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Posted on February 8, 2012 by Jennifer Pointer

 

Ars Technica has confirmed what a lot of us have suspected for a long time, that Facebook photos may never be truly "deleted" from Facebook's servers.  That's the bad news. 

 

The good news is that unless you're famous enough (or infamous) enough that people are actually linking to your Facebook photos from their e-mail or other places on the web, it is unlikely that anyone will see those "deleted" photos.  It's also good news that as of this time, they can't be searched by your name. Finally, you may be relieved to know that this primarily applies to photos on Facebook - not comments or posts on Facebook. 

 

So, how would the photos be found? By the image file (ending in .jpg) that is associated with that photo.  You can find the link to the image file for just about any photo on the web by right-clicking on the photo, then selecting "properties," or "image properties," as your browser allows. Although it's a little more tedious, you can also find the link by clicking "view" at the top of your browser, then "source," then scrolling through to find the image file you're looking for.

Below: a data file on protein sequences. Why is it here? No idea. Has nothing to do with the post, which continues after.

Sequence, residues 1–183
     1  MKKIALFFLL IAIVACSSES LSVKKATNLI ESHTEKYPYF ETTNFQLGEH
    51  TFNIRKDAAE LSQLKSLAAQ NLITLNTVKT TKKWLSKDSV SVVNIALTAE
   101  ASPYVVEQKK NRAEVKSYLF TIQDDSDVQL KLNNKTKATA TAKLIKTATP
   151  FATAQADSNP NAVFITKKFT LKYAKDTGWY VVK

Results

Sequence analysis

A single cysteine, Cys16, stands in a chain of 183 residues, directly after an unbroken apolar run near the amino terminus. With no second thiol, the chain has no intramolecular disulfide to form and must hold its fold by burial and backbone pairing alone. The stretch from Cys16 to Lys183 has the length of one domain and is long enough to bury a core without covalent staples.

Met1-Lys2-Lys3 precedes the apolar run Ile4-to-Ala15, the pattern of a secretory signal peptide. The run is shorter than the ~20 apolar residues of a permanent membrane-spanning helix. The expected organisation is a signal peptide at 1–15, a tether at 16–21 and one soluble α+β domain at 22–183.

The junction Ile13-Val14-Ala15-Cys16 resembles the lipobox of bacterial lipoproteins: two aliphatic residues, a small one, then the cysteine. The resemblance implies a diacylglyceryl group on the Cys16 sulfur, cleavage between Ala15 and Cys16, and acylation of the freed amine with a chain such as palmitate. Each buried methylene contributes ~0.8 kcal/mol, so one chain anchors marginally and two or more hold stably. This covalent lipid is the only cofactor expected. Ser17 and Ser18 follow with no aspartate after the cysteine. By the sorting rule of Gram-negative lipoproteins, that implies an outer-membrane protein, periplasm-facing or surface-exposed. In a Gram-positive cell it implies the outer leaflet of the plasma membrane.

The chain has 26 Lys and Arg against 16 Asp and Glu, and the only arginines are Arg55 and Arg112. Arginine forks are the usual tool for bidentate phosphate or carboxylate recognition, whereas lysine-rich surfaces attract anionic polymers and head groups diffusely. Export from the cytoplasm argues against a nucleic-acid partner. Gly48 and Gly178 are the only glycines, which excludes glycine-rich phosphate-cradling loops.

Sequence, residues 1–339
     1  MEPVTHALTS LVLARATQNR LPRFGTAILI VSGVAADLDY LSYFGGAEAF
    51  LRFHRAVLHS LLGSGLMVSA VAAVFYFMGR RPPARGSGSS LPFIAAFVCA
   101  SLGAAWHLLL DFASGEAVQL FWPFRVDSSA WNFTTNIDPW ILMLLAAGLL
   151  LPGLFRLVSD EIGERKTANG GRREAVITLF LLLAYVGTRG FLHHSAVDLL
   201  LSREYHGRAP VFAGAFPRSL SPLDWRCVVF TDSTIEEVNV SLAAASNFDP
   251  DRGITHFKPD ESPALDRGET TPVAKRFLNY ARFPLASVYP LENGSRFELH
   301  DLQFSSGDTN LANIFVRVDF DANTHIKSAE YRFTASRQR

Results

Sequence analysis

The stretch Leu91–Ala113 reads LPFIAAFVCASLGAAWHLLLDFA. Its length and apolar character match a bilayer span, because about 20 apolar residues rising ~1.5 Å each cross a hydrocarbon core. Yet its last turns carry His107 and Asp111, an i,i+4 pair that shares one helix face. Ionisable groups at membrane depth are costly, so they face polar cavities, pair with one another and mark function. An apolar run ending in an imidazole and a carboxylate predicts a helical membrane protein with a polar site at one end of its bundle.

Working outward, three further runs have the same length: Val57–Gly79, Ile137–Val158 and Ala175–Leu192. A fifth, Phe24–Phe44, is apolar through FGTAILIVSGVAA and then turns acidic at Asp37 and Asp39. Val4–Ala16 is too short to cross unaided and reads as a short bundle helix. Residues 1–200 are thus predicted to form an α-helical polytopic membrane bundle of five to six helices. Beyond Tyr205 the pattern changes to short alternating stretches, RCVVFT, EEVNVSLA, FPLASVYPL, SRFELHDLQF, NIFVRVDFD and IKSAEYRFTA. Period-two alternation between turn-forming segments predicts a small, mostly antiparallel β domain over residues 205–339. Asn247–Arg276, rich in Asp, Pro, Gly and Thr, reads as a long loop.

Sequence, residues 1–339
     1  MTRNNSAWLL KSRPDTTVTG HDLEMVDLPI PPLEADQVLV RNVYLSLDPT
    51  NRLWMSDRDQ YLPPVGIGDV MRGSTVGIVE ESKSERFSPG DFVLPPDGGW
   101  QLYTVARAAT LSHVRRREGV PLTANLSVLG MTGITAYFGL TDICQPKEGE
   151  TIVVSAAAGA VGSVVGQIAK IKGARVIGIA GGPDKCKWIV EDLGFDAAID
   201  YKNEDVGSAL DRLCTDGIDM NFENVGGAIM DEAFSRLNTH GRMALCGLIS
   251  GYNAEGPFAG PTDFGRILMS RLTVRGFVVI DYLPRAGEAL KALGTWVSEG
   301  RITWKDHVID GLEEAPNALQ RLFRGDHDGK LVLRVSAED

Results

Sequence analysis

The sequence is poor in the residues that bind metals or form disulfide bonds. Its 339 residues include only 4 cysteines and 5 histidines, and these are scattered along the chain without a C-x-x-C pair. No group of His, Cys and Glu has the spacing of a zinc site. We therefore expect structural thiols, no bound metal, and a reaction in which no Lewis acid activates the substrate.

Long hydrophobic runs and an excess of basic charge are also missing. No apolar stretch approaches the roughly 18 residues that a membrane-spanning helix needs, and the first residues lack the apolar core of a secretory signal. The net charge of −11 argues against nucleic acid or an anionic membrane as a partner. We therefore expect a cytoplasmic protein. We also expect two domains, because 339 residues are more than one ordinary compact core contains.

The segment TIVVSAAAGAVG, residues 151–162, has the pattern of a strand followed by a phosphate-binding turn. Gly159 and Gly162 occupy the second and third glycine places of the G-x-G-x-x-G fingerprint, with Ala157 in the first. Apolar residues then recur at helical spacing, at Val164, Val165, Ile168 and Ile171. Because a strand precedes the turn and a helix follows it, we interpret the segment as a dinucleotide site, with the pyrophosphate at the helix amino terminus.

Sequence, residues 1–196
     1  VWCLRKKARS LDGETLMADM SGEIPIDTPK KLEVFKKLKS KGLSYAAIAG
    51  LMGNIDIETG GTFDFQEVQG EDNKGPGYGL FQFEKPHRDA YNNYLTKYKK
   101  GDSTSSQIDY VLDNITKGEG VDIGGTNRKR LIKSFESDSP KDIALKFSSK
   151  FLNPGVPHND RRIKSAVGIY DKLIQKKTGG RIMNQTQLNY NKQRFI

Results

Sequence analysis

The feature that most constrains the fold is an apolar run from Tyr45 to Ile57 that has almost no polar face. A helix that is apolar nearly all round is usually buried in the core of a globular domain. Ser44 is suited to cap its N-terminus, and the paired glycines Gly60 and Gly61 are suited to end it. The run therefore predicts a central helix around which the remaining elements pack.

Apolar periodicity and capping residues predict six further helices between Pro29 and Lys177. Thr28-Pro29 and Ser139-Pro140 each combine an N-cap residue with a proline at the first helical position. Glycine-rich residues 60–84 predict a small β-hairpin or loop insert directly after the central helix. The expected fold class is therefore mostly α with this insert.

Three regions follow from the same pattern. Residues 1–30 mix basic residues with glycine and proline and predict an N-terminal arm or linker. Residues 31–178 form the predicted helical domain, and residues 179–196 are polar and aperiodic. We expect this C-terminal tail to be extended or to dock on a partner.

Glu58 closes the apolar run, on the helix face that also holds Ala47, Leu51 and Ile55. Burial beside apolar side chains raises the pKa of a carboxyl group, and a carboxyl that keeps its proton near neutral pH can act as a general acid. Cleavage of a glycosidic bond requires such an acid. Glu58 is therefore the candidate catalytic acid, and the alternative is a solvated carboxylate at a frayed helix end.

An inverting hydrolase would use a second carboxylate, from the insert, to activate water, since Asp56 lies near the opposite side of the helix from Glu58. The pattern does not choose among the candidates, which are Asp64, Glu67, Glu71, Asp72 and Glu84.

With that image file address, it is possible to view images that may have been deleted from the site they were originally posted on - until the images are finally deleted from the server.  Apparently, Facebook is not highly motivated to purge these old deleted files at this time (and why would they? Remember who their paying customers are).

 

Bottom line?  This is a good time for a reminder not to post ANYTHING on the web you wouldn't want everyone in the world to see - including your family, friends, and potential customers or clients.  Even if you have second thoughts and delete the content, you never know what that stuff could come back to haunt you. 

 

Also see our Web Rev "Browser Cache" archive.

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